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Elders: Taking Stock of Our Lives

A TGB Reader Story: Hope On Top of the World

By Gloria MacKay

I still hope: for sunny days; for my other pearl earring to be in the drawer; for my doctor to say see you next year; for my hair to perk up. I know how to hope, but never with the abandon I would have allowed myself if I had not grown up with that woman looking down on my head.

Hope hung in the living room over the couch for so many years she made her mark on the wall, framed with burnished wood finished to look like metal she was an eerie sight: a woman draped in sepia, olive drab and slate gray, head in her hands and legs sprawled over a big, equally sepia ball. I would glance up every time I walked into the room.

I watched when my mother lifted Hope off the hook and set her on the floor, leaving a clean rectangle on the wall as exposed as a patch of skin after you rip off the band aid. I crouched on the carpet as she turned the picture over and pointed to a sticker embossed with fancy gold letters. Hope On Top of the World she read as she turned to me. “This is what Hope looks like.”

I jumped up and ran to my room, my mother’s voice following me. “Don’t be silly, She’s not real. She’s just a picture.”

I was the age when Santa Claus lived within me in the comfortable limbo between real and make believe but I could not be this accommodating with Hope even when she lay face down on the carpet with her sticker showing. Credentials or not, I kept one foot in my room and peeked out the door until I saw her back on the wall where she belonged.

My second encounter with hope happened on one of my early birthdays when I was called upon to blow out my birthday candles all by myself with no help. I felt a circle of tense faces coming down on me as I took a big breath and let go.

I don’t remember how many candles were on the cake but I blew them all out and everyone clapped. “Don’t tell what you wished for or it won’t come true,” someone hollered. Right then all my hope went up with the smoke. I had been so eager to do a good job I had forgotten to wish.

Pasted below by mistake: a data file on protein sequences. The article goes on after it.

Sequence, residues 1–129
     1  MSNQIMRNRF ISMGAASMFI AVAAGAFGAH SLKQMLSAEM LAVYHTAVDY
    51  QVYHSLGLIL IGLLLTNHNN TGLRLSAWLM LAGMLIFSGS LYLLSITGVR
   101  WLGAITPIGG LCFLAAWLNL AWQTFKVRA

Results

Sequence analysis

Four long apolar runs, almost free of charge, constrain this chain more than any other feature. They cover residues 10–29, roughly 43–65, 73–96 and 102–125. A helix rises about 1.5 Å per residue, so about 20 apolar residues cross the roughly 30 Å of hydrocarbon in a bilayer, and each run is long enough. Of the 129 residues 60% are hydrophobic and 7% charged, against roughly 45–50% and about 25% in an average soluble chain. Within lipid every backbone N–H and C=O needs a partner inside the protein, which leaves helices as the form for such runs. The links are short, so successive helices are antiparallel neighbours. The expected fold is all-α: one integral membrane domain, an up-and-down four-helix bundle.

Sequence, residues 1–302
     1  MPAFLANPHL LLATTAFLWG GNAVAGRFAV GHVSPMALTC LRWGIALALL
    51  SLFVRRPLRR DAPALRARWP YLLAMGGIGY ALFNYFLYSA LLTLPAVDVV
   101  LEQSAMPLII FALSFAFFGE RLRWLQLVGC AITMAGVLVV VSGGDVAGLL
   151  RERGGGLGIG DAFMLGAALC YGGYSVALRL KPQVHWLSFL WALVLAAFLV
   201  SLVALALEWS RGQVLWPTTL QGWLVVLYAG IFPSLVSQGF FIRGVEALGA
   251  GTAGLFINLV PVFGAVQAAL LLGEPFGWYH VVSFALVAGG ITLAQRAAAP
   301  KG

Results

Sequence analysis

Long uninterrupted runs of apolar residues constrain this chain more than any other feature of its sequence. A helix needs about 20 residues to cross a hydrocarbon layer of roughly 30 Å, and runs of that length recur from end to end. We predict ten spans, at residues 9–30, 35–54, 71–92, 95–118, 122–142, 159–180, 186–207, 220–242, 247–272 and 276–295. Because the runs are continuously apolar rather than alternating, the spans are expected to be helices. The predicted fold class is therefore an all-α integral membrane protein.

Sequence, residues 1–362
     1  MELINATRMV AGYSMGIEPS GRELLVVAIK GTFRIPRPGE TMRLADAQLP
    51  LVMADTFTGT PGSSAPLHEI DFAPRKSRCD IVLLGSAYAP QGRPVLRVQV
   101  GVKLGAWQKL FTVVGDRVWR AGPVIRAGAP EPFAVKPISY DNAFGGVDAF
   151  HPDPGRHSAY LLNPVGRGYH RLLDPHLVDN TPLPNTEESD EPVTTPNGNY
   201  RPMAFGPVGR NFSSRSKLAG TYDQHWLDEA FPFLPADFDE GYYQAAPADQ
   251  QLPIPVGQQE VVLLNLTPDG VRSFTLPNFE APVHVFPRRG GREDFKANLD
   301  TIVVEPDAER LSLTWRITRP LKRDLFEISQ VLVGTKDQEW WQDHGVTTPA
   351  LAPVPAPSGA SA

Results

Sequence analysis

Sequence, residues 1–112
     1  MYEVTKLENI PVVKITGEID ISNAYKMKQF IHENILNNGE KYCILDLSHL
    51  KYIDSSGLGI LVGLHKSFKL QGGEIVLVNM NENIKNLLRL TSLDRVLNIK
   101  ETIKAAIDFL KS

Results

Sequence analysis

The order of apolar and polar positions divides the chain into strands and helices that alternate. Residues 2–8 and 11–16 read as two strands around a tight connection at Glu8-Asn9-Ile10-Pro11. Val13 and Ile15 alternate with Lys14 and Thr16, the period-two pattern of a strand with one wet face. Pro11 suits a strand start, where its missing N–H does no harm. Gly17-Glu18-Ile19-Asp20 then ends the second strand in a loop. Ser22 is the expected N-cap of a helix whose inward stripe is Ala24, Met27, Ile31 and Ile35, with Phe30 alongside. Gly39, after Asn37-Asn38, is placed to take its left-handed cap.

I still don’t like people staring at me. I don’t like it when I sit in the corner of my doctor’s office, for instance, engrossed in a magazine and the nurse blurts out my name so loudly I jump.

All eyes are looking at me as I gather my belongings, straighten the magazines, stand up, sweater dragging, purse unzipped, and head for the open door. I get so rattled that I forget to hope for the best.

Wishing on a star was my next experience with hope. My mother and I would chant “Star light, star bright, first star I see tonight. I wish I may, I wish I might get the wish I wish tonight.”

She reminded me, every time, to look sharply because it had to be made on the very first star. I must have wished as many times as stars have twinkles but I can’t remember for sure if any of my wishes came true.

In time I replaced this childhood chant with a more sophisticated song. It begins “When you wish upon a star” and ends, “your dreams come true.” In between it gives us permission to wish on all stars, any stars, any time, any place.

I don't have to strain my eyes in the twilight searching for the very first flicker - any old star will do. And I don’t have to blow hard and not tell to make my birthday wishes come true. And even if I forget to whisper the wish to myself, it is in my head and that just might be enough.

These days when I find one of those touristy little wells sitting in a patch of grass collecting money and wishes I am always surprised at the carpet of coins at the bottom.

If no one is watching I might drop in a coin and make a wish of my own, as though I were Hope on top of the world and the face in the ripples is someone I’ve never met.

Hope On Top Of The World

* * *

[EDITORIAL NOTE: This feature, TGB Readers' Stories, appears every Tuesday. Anyone age 50 and older is welcome to submit a story. You can do that by clicking the “Contact” link at the top of every TGB page or at the Guidelines/Submissions page.